A humbly sophisticated send-up: The boys could be beatniks if they wanted, but they’re too cool for that.

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NOW WE ARE COOL

Two brothers aim to be cool in Opel-Götz’s bemused identity quest.

An older brother tells his younger sibling that it is time to get cool. “What do you mean?” Mug asks Leo. Well, explains Leo, for instance, cool people wear sunglasses all day long. “Even when it rains! Even in the bathroom!” “Why?’ asks Mug. “Because…because then they can imagine it’s a dark and scary night!” Mug is puzzled, but he's still game. Leo goes on. They’ve got to talk cool, sport cool backpacks, listen to loud and angry and cool music, have cool pets like poisonous rats and misbehave—“a lot”—with equally bogus reasoning for each cool act. Finally, being cool sounds like too much work and too much posturing, and the boys go back to being a couple of bony, messy-haired munchkins. From racy, jazzy cool to funky, bohemian cool, Opel-Götz levels a gimlet eye at it all, but with kindly humor, much of it of the visual variety. Her artwork is full of spidery lines and phenomenally expressive faces, and the two boys walk a thin, comic line between earnest and goofy.

A humbly sophisticated send-up: The boys could be beatniks if they wanted, but they’re too cool for that. (Picture book. 7-10)

Pub Date: Oct. 30, 2012

ISBN: 978-1-55455-235-1

Page Count: 28

Publisher: Fitzhenry & Whiteside

Review Posted Online: July 25, 2012

Kirkus Reviews Issue: Sept. 1, 2012

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Deliberately inspirational and tinged with nostalgia, this will please fans but may strike others as overly idealistic.

STICKS AND STONES

Veteran picture-book creator Polacco tells another story from her childhood that celebrates the importance of staying true to one’s own interests and values.

After years of spending summers with her father and grandmother, narrator Trisha is excited to be spending the school year in Michigan with them. Unexpectedly abandoned by her summertime friends, Trisha quickly connects with fellow outsiders Thom and Ravanne, who may be familiar to readers from Polacco’s The Junkyard Wonders (2010). Throughout the school year, the three enjoy activities together and do their best to avoid school bully Billy. While a physical confrontation between Thom (aka “Sissy Boy”) and Billy does come, so does an opportunity for Thom to defy convention and share his talent with the community. Loosely sketched watercolor illustrations place the story in the middle of the last century, with somewhat old-fashioned clothing and an apparently all-White community. Trisha and her classmates appear to be what today would be called middle schoolers; a reference to something Trisha and her mom did when she was “only eight” suggests that several years have passed since that time. As usual, the lengthy first-person narrative is cozily conversational but includes some challenging vocabulary (textiles, lackeys, foretold). The author’s note provides a brief update about her friends’ careers and encourages readers to embrace their own differences. (This book was reviewed digitally with 11-by-18-inch double-page spreads viewed at actual size.)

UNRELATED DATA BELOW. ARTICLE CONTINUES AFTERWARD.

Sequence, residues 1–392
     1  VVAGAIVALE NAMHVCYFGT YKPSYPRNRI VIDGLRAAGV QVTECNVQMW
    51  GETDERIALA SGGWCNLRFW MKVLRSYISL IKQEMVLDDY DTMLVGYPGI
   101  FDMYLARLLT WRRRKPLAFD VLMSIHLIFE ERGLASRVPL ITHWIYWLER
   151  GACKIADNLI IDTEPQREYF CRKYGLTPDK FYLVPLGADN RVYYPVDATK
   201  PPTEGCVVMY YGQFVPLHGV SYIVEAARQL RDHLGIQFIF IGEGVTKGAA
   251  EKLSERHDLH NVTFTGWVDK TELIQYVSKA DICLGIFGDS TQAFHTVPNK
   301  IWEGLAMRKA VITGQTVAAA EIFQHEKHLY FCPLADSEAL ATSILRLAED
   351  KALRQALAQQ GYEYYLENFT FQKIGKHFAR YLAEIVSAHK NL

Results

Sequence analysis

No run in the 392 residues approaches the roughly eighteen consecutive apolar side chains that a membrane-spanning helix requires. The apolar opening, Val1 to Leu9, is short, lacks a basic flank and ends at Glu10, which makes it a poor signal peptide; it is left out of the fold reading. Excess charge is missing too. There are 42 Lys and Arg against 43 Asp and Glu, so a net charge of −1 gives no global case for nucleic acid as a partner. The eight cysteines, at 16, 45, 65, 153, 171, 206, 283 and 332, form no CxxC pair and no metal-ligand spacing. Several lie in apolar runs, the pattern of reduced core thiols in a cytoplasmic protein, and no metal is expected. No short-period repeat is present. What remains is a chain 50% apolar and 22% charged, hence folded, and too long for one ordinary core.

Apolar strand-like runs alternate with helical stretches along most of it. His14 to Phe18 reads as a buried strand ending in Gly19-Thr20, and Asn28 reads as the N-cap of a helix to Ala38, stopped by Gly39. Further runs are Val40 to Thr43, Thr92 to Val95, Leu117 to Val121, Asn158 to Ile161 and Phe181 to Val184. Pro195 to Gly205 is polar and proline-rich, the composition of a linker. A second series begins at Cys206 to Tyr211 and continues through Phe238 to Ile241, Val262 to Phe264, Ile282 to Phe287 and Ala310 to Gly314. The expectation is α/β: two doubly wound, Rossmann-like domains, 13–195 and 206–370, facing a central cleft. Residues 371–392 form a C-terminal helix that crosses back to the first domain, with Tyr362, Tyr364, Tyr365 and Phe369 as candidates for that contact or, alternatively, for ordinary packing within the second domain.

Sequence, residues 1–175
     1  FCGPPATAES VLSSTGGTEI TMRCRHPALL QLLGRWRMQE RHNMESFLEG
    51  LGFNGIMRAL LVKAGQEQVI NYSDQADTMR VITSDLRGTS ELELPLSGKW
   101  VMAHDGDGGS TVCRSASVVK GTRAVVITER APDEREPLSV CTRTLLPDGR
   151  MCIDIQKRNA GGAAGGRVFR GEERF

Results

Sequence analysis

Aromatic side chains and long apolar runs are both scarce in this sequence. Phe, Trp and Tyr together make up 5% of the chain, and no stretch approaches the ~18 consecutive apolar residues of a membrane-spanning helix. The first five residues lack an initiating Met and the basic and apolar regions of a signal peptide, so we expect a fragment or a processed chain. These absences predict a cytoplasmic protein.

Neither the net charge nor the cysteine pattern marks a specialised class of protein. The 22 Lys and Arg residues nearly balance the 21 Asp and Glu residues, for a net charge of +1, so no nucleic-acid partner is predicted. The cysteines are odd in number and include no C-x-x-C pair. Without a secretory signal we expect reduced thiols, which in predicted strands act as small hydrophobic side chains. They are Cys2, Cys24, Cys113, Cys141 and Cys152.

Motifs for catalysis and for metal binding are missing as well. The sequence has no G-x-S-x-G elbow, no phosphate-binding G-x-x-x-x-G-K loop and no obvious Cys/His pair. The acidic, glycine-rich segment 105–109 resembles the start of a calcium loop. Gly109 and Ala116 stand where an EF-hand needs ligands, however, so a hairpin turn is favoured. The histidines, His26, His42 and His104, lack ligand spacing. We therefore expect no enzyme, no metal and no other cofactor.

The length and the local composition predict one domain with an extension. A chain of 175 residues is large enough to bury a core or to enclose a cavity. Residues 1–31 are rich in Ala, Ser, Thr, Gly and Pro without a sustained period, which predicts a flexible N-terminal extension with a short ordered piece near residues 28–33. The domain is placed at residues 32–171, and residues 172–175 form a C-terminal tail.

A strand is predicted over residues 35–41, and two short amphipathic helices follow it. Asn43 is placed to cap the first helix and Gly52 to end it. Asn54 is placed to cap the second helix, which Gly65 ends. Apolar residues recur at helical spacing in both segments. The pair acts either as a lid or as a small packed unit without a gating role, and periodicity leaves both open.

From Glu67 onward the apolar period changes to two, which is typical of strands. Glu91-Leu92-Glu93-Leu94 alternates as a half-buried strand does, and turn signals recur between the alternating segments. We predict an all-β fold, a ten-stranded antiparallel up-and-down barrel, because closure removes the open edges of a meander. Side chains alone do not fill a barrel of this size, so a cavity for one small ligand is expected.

Deliberately inspirational and tinged with nostalgia, this will please fans but may strike others as overly idealistic. (Picture book. 7-10)

Pub Date: Oct. 6, 2020

ISBN: 978-1-5344-2622-1

Page Count: 48

Publisher: Simon & Schuster

Review Posted Online: Aug. 18, 2020

Kirkus Reviews Issue: Sept. 1, 2020

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Sweetly low-key and totally accessible.

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THE YEAR OF BILLY MILLER

Billy Miller’s second-grade year is quietly spectacular in a wonderfully ordinary way.

Billy’s year begins with his worry over the lump on his head, a souvenir of a dramatic summer fall onto concrete: Will he be up to the challenges his new teacher promises in her letter to students? Quickly overshadowing that worry, however, is a diplomatic crisis over whether he has somehow offended Ms. Silver on the first day of school. Four sections—Teacher, Father, Sister and Mother—offer different and essential focal points for Billy’s life, allowing both him and readers to explore several varieties of creative endeavor, small adventures, and, especially, both challenges and successful problem-solving. The wonderfully self-possessed Sal, his 3-year-old sister, is to Billy much as Ramona is to Beezus, but without the same level of tension. Her pillowcase full of the plush yellow whales she calls the Drop Sisters (Raindrop, Gumdrop, etc.) is a memorable prop. Henkes offers what he so often does in these longer works for children: a sense that experiences don’t have to be extraordinary to be important and dramatic. Billy’s slightly dreamy interior life isn’t filled with either angst or boisterous silliness—rather, the moments that appear in these stories are clarifying bits of the universal larger puzzle of growing up, changing and understanding the world. Small, precise black-and-white drawings punctuate and decorate the pages.

Sweetly low-key and totally accessible. (Fiction. 7-10)

Pub Date: Sept. 17, 2013

ISBN: 978-0-06-226812-9

Page Count: 240

Publisher: Greenwillow Books

Review Posted Online: April 24, 2013

Kirkus Reviews Issue: July 15, 2013

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